This Inglorious article was written by Matt Shore, a GIGsoup contributor. Edited by Natalie Whitehouse. Lead photo by Nedim Nazerali

A satisfying classic rock revival presents itself on the debut album from exciting newcomers, Inglorious. Well put together and surprisingly sophisticated for a first LP, the album taps into the era with great ease and skill, with inspiration clearly taken from the likes of Deep Purple, Led Zeppelin and Whitesnake.

The self titled effort starts off punchy and hard hitting with ‘Until I Die’, a building intro setting the listener up for one of the stronger riffs of the album. Frontman Nathan James’ lead vocals instantly raise the eyebrows, with a very impressive range and strength, while the rousing chorus captures the interest. The strong start continues with tracks ‘Breakaway’ and ‘High Flying Gypsy,’ a driving guitar sound and high quality lyrics complimenting James’ aforementioned vocal prowess. This is most prominent on arguably the stand-out track, ‘Holy Water,’ a slightly more stripped back, bluesy approach adding weight to the excellent chorus, and one that best showcases not only Nathan James’ voice, but also the songwriting talents of the band.

The album continues in this vein, rarely dipping or stuttering. Some of the tracks are stronger than others, but the musicianship of the five-piece is well put across throughout, with ‘Girl Got a Gun’ and the title track ‘Inglorious’ stellar efforts. A ballad near the end of the album, ‘Wake,’ is particularly striking and very different to the other tracks, an example of the versatility of the band. The piano section towards the end of ‘Wake’ is also surprisingly refreshing, and demonstrates an intelligent approach to their instrumental arrangement, as well as a fitting end to the album, the piano section repeated on the final song, ‘Unaware.’ The last track provides another powerful riff dripping in classic rock influence, and cements Inglorious as a solid debut.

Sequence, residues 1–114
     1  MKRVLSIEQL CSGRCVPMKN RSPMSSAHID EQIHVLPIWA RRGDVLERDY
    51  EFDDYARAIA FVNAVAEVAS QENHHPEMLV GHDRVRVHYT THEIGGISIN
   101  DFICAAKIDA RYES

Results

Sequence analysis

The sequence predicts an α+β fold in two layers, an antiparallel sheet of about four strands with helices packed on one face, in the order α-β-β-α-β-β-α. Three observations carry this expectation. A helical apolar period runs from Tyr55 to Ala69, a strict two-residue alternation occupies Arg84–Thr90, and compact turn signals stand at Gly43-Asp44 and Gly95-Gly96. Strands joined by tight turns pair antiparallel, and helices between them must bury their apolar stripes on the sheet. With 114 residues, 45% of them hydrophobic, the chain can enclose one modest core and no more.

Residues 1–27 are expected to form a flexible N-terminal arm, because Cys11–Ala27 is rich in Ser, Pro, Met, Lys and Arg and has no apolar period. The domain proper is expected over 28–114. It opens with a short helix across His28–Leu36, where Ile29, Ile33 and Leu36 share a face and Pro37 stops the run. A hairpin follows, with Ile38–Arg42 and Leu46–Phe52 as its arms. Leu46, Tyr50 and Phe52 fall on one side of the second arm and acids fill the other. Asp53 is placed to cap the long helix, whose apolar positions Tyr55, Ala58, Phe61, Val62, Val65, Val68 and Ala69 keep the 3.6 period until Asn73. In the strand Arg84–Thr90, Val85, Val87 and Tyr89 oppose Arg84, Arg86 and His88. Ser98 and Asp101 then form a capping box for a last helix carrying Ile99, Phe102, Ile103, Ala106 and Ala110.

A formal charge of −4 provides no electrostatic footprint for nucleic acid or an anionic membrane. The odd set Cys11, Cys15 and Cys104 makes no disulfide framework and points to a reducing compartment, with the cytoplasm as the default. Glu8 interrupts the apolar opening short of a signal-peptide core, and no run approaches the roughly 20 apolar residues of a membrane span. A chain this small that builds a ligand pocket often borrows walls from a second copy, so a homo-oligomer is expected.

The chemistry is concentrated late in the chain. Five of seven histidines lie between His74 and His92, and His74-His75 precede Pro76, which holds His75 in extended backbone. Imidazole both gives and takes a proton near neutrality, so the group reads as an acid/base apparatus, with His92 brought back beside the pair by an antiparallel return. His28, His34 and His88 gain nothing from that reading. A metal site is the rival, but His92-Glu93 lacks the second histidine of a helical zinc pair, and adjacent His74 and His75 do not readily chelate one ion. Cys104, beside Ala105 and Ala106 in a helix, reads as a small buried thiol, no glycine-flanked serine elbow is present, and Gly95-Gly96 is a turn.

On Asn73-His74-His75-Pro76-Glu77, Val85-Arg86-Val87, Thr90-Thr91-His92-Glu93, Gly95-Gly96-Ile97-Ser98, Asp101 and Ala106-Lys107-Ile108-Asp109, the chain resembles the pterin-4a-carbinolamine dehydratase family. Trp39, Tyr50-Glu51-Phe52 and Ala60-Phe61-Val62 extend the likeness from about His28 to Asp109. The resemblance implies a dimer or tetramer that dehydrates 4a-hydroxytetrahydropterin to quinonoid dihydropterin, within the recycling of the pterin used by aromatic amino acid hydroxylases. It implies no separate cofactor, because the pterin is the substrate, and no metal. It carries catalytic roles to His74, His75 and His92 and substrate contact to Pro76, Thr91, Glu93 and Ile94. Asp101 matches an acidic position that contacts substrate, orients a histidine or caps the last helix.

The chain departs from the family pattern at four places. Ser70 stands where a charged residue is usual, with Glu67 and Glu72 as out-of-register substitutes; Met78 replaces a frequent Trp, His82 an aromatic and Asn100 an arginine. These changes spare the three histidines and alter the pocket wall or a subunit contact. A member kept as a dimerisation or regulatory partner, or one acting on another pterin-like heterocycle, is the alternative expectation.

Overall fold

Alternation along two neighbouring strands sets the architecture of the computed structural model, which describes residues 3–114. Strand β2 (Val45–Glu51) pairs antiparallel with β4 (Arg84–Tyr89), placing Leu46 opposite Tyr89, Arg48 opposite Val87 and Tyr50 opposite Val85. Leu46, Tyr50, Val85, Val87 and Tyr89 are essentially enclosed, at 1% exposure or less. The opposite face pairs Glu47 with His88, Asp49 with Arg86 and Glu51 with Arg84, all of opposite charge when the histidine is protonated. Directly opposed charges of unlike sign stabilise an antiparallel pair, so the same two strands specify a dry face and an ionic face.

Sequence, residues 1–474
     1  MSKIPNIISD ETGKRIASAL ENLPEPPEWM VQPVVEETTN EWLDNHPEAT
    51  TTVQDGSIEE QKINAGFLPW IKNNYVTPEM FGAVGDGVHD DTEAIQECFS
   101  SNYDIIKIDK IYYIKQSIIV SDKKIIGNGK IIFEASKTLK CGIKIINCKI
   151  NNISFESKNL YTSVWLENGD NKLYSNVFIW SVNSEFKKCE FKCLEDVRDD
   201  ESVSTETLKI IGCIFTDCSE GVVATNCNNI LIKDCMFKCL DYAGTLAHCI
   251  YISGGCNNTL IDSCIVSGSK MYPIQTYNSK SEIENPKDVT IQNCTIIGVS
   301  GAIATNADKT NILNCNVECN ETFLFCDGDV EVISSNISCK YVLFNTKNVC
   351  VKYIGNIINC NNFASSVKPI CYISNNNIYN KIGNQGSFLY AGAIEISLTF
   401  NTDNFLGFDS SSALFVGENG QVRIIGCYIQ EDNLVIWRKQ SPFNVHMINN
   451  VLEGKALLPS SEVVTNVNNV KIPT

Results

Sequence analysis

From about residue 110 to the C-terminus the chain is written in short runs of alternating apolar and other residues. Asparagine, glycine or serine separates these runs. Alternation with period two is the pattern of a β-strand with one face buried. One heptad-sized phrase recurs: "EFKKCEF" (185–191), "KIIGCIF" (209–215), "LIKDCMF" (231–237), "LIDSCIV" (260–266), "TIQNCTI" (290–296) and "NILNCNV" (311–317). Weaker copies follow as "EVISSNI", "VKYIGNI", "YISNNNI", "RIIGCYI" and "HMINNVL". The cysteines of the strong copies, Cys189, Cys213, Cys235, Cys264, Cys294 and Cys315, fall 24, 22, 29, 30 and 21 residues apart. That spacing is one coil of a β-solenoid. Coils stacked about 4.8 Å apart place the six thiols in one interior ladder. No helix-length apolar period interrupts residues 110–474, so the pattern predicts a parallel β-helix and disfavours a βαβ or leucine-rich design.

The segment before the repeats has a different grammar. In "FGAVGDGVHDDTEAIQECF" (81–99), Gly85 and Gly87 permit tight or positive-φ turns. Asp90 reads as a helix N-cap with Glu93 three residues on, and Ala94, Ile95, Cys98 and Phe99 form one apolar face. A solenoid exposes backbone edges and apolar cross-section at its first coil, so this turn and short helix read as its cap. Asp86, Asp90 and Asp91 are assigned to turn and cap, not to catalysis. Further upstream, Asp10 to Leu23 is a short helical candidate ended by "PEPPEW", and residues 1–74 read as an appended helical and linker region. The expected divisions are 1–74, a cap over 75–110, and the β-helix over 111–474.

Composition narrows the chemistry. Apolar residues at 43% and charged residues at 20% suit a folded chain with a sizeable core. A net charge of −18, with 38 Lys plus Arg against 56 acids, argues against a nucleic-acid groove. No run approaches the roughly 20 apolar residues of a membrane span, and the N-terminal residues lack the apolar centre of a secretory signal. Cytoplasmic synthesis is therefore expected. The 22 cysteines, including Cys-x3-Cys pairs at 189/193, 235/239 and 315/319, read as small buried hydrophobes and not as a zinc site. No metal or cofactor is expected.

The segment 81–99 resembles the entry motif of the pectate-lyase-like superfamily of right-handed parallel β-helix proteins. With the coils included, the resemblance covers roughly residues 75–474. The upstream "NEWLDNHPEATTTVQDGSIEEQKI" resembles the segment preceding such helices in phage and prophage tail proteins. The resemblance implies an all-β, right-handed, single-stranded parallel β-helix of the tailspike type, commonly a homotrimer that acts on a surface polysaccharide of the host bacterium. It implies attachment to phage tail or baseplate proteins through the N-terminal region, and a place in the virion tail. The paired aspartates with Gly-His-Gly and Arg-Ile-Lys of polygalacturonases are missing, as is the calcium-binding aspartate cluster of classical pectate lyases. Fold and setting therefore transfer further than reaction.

Overall, Inglorious impress with their strong, catchy tracks, attention to detail in their approach to a classic rock feel, and their skill as musicians. In capturing the sound of the past they do not do anything new, but their excellent execution makes up for this. Their level of skill also helps them avoid coming off as a poor imitation, something that surely would have been a danger. While some of the tracks may sound better than others, they are all very solid, and ‘Inglorious’ provides a high quality debut album for the band. Whether they can now raise the bar even further in future albums remains to be seen, but for now they can enjoy their UK tour having laid a foundation for a successful career.

‘Inglorious’ is out now via Frontiers Music Srl.

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